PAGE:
This is one of those movies that I've watched again, and again. It doesn't fit the traditional Vampire mould, working within the genre it aims to contribute to. For example, you find yourself feeling genuinely sorry for the Blade character who has been damned from birth to fulfill this righteous role, but circumstance has him trapped between humanity he is defending, and the evil nosferatu within.
One of the most horrific scenes is the opening sequence set in a nightclub, where, unbeknown to us the gentle viewer, the place is packed with vampires who get their feed at the appointed time. When this happens, the sprinkler system activates and drenches the lot of them in blood. Very nice. And the carnage at the end of this scene is breathtaking in its ordacity, yet jarring in its originality.
The sequence where Blade takes sympathy on the freshly bitten love interest, and sees his mother's fate so closely matched to hers in well-staged flashbacks, will always bring a lump to the throat. But of course, Mumsie comes back for more...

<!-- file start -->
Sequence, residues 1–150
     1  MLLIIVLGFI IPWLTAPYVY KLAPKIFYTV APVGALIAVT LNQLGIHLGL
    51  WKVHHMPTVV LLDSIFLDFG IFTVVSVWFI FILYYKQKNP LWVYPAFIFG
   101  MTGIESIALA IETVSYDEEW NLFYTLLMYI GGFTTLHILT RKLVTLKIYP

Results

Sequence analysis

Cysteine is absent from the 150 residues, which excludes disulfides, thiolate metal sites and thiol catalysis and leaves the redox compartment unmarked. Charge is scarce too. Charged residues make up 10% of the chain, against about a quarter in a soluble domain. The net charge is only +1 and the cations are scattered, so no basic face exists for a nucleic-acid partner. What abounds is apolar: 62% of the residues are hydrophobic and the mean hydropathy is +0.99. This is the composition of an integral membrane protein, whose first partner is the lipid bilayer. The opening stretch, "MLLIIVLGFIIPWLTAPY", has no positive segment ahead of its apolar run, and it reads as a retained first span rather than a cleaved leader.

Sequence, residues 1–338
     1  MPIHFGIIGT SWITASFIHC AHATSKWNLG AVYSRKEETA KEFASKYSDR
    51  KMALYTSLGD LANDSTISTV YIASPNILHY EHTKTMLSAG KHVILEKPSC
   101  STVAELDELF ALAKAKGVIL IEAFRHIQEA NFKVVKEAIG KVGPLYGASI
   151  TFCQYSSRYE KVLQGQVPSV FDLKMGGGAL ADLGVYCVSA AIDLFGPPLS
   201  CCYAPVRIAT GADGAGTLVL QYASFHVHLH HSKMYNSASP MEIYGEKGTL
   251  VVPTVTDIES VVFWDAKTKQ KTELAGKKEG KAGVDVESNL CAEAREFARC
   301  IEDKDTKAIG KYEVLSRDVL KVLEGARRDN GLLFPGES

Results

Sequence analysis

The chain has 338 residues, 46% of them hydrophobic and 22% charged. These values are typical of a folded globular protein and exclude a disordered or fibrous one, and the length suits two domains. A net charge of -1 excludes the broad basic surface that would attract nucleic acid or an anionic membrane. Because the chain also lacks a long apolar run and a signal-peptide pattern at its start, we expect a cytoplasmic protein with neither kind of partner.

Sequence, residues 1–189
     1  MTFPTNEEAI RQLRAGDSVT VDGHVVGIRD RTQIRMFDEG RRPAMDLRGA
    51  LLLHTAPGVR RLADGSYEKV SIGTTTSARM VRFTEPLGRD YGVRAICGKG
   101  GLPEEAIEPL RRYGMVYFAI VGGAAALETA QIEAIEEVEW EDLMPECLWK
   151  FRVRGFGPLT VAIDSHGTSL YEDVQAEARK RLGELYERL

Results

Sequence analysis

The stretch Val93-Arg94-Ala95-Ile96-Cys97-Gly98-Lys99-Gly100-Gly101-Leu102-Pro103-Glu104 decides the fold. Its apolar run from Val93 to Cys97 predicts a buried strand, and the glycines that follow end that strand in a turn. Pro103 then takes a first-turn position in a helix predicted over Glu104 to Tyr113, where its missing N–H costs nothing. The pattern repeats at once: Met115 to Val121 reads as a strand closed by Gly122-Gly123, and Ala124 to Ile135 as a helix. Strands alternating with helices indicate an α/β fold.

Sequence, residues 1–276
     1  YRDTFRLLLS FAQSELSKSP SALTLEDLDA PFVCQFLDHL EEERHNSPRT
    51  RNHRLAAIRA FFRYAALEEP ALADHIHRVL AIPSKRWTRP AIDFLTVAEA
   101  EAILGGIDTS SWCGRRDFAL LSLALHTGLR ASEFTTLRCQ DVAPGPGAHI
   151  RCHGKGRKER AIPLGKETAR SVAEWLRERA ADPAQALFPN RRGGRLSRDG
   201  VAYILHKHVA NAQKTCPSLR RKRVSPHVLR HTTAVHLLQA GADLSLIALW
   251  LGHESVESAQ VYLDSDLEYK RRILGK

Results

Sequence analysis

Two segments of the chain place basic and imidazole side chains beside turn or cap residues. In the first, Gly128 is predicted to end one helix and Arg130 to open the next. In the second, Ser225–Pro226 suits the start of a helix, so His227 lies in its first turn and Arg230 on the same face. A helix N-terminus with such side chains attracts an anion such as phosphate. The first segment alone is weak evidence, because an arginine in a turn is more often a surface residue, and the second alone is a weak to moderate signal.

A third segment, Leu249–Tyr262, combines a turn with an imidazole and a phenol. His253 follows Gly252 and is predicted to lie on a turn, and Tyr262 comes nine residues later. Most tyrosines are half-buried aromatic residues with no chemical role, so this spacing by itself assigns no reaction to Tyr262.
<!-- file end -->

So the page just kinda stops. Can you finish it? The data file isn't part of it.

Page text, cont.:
Other parts of the story are well executed, where Steven Dorf's portrayal of Deacon brings the term 'evil so-and-so' to new, dizzy heights. Where they discover one amongst the aristocracy that isn't of noble, pure blood, so they take him outside by Dawn's early light and give him a sun tan. mmmmm crispy. Watch the film, I don't wanna spoil it. The part where Deacon toys with the policeman, who wants ever so much to turn to the darkside, is also a classic. I watched my cat play with a ball of string, and instantly observed more than a passing similarity between the two!
Overall, a hugely enjoyable film, a more-than-worthy addition to the already swelling Vampire genre, and a much prized member of my DVD collection. And, as usual, it's several million miles better than the inferior sequel, which favours muscle and guns over pure, honest, good old fashioned blood and gore! Buy it NOW
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